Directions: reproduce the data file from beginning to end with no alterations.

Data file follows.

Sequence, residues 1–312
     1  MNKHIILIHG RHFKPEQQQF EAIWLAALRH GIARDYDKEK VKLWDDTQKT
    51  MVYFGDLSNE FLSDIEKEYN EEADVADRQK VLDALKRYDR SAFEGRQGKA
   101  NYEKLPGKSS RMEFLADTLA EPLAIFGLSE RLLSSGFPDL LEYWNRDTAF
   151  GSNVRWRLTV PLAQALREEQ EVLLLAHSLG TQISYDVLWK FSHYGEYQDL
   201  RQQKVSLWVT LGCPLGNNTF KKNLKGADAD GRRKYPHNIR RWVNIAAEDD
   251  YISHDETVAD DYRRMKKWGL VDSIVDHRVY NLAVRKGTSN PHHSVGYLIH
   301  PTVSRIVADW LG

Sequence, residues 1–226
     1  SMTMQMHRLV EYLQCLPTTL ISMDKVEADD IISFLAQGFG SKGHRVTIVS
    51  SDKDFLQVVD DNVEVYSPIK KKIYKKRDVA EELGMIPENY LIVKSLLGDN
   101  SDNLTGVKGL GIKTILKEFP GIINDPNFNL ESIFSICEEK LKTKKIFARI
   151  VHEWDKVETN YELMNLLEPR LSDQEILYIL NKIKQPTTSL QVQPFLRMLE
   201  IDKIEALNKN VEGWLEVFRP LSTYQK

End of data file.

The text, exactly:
Sequence, residues 1–312
     1  MNKHIILIHG RHFKPEQQQF EAIWLAALRH GIARDYDKEK VKLWDDTQKT
    51  MVYFGDLSNE FLSDIEKEYN EEADVADRQK VLDALKRYDR SAFEGRQGKA
   101  NYEKLPGKSS RMEFLADTLA EPLAIFGLSE RLLSSGFPDL LEYWNRDTAF
   151  GSNVRWRLTV PLAQALREEQ EVLLLAHSLG TQISYDVLWK FSHYGEYQDL
   201  RQQKVSLWVT LGCPLGNNTF KKNLKGADAD GRRKYPHNIR RWVNIAAEDD
   251  YISHDETVAD DYRRMKKWGL VDSIVDHRVY NLAVRKGTSN PHHSVGYLIH
   301  PTVSRIVADW LG

Sequence, residues 1–226
     1  SMTMQMHRLV EYLQCLPTTL ISMDKVEADD IISFLAQGFG SKGHRVTIVS
    51  SDKDFLQVVD DNVEVYSPIK KKIYKKRDVA EELGMIPENY LIVKSLLGDN
   101  SDNLTGVKGL GIKTILKEFP GIINDPNFNL ESIFSICEEK LKTKKIFARI
   151  VHEWDKVETN YELMNLLEPR LSDQEILYIL NKIKQPTTSL QVQPFLRMLE
   201  IDKIEALNKN VEGWLEVFRP LSTYQK